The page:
Selena: Right. Because they have eight kids. They talk about their journey of having children, the whole idea of how God loves fruitfulness, and what that looks like. So there’s a lot to think about I think when you’re to pray, consider. To demystify it, there’s no perfect time to have kids because kids are just chaos, and they’re good, and they’re learning, and they’re little people, and it’s beautiful, and it’s hard. It’s just all the things that you can never anticipate. It’s like a moving train. You get on and try not to die. [both laughs] There’s a lot of blessings in it and richness. But it’s learned. It’s not always an automatic thing.
To kind of bring it all back together with our announcement of Fierce Parenting going live, we also wanted to talk about because it does bear weight on this idea of having children. This is God’s idea. This is His plan, His purpose, His design. And He has given us such a big part in it graciously. So we get to ideally bring children into the world physically, or maybe that through adoption. But is there a right time? Probably not. I guess the questions would—
Ryan: I would say that having waited all that time and then finally having Dela our oldest after 10 years of marriage, I thought to myself, “Why didn’t we do this soon?”
Selena: Right. [chuckling] Right.
Ryan: I was kicking myself thinking, “Being a dad is so much better than I ever imagined.”
Selena: And some of that is our personalities of, you know, we have some things we feel like we want to hold out on or there’s insecurities or we want to wait to get this right or something. There’s just things that you know about yourself as a couple that, hey, maybe this isn’t the right time. But at the same time, God is so good to use children to sanctify us. And I mean that in such a… they’re not just tools. But they are in the hands of God.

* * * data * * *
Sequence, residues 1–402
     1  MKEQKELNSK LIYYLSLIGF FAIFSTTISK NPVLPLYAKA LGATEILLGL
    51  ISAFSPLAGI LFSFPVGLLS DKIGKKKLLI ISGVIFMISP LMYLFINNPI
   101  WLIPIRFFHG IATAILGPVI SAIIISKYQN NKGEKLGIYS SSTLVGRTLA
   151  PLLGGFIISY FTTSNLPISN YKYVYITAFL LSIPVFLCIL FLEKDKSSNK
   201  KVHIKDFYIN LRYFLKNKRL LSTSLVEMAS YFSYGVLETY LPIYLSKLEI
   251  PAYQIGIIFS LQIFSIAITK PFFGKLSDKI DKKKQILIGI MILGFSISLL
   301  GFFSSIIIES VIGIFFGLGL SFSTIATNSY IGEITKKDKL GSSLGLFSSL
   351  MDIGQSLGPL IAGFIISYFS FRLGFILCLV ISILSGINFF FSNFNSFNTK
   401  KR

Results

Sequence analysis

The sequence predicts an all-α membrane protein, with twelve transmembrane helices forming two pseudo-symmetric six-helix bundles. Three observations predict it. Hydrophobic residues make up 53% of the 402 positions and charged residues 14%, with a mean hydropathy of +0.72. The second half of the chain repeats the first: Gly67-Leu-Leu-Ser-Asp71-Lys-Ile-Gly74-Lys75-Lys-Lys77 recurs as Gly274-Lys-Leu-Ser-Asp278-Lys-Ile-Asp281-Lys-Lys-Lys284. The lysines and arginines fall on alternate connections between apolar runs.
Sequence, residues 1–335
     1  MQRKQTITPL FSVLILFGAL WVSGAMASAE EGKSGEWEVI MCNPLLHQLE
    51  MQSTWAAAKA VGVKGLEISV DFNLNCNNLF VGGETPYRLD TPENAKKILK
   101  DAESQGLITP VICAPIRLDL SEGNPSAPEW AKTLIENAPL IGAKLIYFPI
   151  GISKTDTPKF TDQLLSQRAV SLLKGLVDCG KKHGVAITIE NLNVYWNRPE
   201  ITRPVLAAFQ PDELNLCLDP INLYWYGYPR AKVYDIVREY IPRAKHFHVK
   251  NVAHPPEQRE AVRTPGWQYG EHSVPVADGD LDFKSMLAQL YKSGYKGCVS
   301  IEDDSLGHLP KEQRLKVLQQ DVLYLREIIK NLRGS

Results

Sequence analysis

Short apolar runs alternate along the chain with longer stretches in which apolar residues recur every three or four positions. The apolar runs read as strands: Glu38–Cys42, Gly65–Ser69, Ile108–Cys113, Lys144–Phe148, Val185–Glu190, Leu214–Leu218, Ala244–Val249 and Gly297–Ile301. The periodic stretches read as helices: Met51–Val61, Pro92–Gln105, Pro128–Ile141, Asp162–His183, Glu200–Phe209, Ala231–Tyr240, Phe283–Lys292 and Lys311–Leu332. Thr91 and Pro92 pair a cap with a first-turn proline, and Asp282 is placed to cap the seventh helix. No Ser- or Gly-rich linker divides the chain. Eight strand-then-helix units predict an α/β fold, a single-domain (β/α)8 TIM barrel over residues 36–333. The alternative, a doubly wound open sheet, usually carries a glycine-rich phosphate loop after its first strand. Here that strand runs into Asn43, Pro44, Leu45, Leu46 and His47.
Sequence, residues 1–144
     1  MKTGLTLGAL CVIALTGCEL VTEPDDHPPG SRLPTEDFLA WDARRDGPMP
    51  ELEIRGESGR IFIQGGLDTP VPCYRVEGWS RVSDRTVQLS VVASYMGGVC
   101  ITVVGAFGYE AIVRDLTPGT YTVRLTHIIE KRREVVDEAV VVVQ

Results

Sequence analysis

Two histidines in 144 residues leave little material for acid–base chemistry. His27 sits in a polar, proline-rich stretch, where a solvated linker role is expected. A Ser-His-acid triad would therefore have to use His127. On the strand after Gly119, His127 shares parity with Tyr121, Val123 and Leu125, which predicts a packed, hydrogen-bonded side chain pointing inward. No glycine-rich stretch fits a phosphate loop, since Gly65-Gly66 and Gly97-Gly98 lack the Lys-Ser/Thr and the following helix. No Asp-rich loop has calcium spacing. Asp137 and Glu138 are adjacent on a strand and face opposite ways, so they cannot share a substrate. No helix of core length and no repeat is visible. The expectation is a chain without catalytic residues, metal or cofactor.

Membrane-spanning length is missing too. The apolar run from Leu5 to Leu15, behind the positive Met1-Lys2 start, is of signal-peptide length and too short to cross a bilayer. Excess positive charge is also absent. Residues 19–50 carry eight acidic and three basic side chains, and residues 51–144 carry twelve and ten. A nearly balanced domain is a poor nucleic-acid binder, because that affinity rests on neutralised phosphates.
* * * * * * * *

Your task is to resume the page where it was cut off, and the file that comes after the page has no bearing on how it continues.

Ryan: I feel like I’m going to pause because we’re dancing around this a lot. Again, what we don’t want to do is to say everyone needs to have as many kids as possible as soon as possible. What we also don’t want to say is, hey, you need to plan your life according to your goals and your strategies and just control every variable, and get into it eyes wide open and bank account full of cash, house paid off, every little jot and tittle is completely accounted for. That’s the other side of the spectrum.
Because we were talking about this the other day, and I was like, okay, we get it. Having kids is a blessing. But does that mean that we just have as many kids and as rapid as succession as we possibly can? Is that what the Bible is telling us to do? Is that one biblical parenthood and the biblical ethos, or the biblical view of children compels us to do? I don’t think it’s either extreme. I think there’s a place for discernment, a place for us to listen to the Holy Spirit.
Selena: Or when you’re defining fruitfulness, too, what does that look like? That may not necessarily mean it’s having as many kids as possible in the short amount of time. It always means trusting that time to God. Because you may think, “Okay, yeah, I think we’re ready to try having kids,” and a couple of months ago passed and you’re not pregnant. So there’s a lot. There’s a lot. There’s such a miraculous process that you have to entrust to God. But all that to say fruitfulness can look different.
Right now the fruitfulness of our children requires us having margin, requires us having time, energy, and requires us to be able to teach and recognize, okay, these are the weaknesses in our kids. Dela could have a thousand hours straight with us and still want more. Well, what is the lesson here? We need to teach her how to rely on her savior in a lot of different areas.
Ryan: That’s good.
Selena: But we need time and space to do that. So to be fruitful, for us, we have learned that it takes time, it takes tools, it takes energy. These are all things that we have to consider when asking the Lord, “Are more children in our future, how would you lead us in this, Lord?” Where we were can we be obedient I guess is the question. Not how do I feel about this? But where can we be obedient? And how?
Ryan: Yeah, that’s good. The thing that keeps going through my head is the refrain in Scripture that says kids are a blessing.
Selena: Psalm 127.